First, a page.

Don’t be misled by the wrinkled expression. Though the Sphynx cat often looks as if he has a frowny face, the hairless cat is well-known for an affectionate nature, in particular for his love of snuggling. This is the cat you’ll find sleeping under the covers with you — hey, how else is he going to stay warm?
Although he’s a hairless breed, the Sphynx cat is not completely bald. The bridge of his nose is furred, and he may have short, fine hair on his paws, outer edges of the ears and tail. Depending on the individual cat, the remainder of the body may be completely hairless or covered in soft, peachy fuzz. He’s often described as feeling like warm suede.
Even if you’ve never met a Sphynx cat in person, you’ve seen him on the big and small screens. Besides Ted Nude-Gent, the Sphynx who played Mr. Bigglesworth in the Austin Powers franchise, Sphynx cats have appeared on the television shows Sherlock with Benedict Cumberbatch and Real Housewives of New Jersey (Housewife Dina Manzo’s Grandma Wrinkles) as well as in Lady Gaga’s Bad Romance video. People who live with them love them.
Living with a Sphynx cat
Sphynx love to snuggle with their people or with other cats or even dogs. They do best with a family who appreciates their outgoing nature and love of the spotlight, not to mention their desire to sleep in the bed under the covers.
A Sphynx cat needs help staying warm. This is one cat who won’t turn up his nose at wearing clothes. Don’t get a Sphynx cat if you keep the air conditioning turned up high unless you’re prepared to lay in a wardrobe of sweaters for him.
You might think this breed is hypoallergenic, but just because he’s hairless doesn’t mean he won’t produce allergens. Spend some time with several Sphynx to make sure you don’t react to or can at least tolerate being around them.
Sphynx need protection from the sun if they spend time out on a catio or other safe outdoor enclosure. Put them in a cute sunsuit and apply cat-safe sunscreen to exposed areas.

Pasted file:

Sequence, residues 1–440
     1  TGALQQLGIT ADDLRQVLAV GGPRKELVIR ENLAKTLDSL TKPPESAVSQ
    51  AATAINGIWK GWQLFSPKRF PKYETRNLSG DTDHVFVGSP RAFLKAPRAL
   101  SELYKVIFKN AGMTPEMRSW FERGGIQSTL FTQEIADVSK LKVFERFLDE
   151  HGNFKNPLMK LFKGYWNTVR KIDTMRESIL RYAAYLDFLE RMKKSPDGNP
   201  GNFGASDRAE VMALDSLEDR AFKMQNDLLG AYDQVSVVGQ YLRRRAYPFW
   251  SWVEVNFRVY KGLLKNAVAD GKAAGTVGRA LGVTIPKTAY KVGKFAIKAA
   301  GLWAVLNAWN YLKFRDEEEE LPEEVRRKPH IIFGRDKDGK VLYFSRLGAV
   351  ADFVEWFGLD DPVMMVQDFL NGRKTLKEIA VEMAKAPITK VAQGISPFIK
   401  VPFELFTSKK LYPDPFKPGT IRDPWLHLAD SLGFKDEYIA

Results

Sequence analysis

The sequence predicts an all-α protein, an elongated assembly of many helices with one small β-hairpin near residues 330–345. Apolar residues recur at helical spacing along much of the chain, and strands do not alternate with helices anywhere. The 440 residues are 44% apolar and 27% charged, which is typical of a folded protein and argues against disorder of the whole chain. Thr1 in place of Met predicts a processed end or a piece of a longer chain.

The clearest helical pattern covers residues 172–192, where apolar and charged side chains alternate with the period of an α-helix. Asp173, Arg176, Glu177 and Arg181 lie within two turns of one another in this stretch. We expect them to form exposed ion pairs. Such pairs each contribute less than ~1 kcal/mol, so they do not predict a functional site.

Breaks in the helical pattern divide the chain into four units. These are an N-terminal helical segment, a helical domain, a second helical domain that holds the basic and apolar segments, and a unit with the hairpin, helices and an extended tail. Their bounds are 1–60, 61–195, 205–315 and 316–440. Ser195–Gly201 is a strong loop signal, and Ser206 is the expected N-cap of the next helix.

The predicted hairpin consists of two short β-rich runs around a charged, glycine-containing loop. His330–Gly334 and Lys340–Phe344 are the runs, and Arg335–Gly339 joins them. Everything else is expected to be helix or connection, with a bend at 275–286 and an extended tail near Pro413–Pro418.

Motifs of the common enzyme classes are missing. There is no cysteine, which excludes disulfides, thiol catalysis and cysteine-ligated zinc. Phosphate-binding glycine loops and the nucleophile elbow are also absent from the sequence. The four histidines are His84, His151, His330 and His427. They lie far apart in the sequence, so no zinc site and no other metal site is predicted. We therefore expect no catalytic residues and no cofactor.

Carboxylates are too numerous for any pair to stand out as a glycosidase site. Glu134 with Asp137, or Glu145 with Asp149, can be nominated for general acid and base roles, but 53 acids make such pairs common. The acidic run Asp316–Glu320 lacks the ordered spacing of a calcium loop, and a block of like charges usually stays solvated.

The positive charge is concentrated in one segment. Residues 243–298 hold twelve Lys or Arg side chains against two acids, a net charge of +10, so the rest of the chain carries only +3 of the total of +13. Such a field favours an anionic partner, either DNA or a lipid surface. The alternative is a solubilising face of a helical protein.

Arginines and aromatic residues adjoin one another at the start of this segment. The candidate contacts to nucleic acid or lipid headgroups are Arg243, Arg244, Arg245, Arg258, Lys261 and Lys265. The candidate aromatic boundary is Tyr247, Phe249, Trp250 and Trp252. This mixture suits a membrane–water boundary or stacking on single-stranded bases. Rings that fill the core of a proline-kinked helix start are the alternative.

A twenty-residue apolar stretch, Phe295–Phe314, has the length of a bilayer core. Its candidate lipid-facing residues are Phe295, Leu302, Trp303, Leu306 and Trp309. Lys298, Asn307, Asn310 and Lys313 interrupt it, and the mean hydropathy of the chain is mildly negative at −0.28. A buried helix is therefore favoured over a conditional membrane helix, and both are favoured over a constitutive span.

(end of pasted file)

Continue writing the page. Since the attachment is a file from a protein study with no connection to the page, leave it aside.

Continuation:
History of the Sphynx cat
The Sphynx is the result of a natural genetic mutation. A hairless kitten named Prune, born in a litter in Canada in 1966, produced another bald kitten when he was bred. Together, with some other hairless cats that appeared in other litters, as well as some hairless cats born in Minnesota, they helped to originate the concept of a hairless cat breed.
Over the next two decades, cat breeders with an interest in genetics worked to create a hairless cat, outcrossing to Devon Rex and American Shorthairs to increase the young breed’s genetic diversity. It was during this time that they acquired the name Sphynx, after Canadian Hairless didn’t take hold.
Last year, the Sphynx cat was the 8th most popular breed registered by the Cat Fanciers’ Association, out of 42.
What you should know about the breed
The Sphynx is a moderate-size cat, typically weighing 6 to 12 pounds. The breed’s oily skin requires bathing every one to three weeks, not only to unclog his pores but also to prevent him from leaving oily spots on furniture, walls and clothing. The cats also need frequent ear and claw cleaning to remove waxy buildup.
Sphynx are generally healthy, but they can develop hypertrophic cardiomyopathy, a common type of heart disease in cats, as well as a neurologic condition called hereditary myopathy. A healthy Sphynx usually lives 9 to 15 years.
5 Fun facts about the Sphynx cat
- Even without fur, the Sphynx can come in all colors and patterns, including white, black, blue, red, lavender, tabby, tortoiseshell, calico, pointed and many more.
- Exposure to the sun intensifies a Sphynx’s color — like getting a tan — but of course that’s not good for his skin.
- Some Sphynx are born coated. They may be kept for breeding programs because they carry the hairless gene or may be sold as pets.
- Sphynx can have normal whiskers, broken whiskers or no whiskers at all.
- Beyond their hairlessness, Sphynx stand out for their large eyes — described as lemon-shaped — big ears, wrinkled face and body, and a whip-like tail that tapers at the tip.
Thumbnail: Photography ©Casey Elise Photography.
Kim Campbell Thornton has been writing about cats and dogs for 32 years. She is the award-winning author of more than two dozen books and hundreds of articles on pet care, health and behavior.
Editor’s note: Have you seen the new Catster print magazine in stores? Or in the waiting area of your vet’s office? Click here to subscribe to Catster and get the bimonthly magazine delivered to your home.